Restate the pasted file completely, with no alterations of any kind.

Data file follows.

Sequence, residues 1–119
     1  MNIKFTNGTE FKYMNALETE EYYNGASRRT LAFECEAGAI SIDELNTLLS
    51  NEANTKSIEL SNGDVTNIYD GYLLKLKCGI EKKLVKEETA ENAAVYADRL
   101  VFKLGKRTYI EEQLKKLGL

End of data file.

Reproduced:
Sequence, residues 1–119
     1  MNIKFTNGTE FKYMNALETE EYYNGASRRT LAFECEAGAI SIDELNTLLS
    51  NEANTKSIEL SNGDVTNIYD GYLLKLKCGI EKKLVKEETA ENAAVYADRL
   101  VFKLGKRTYI EEQLKKLGL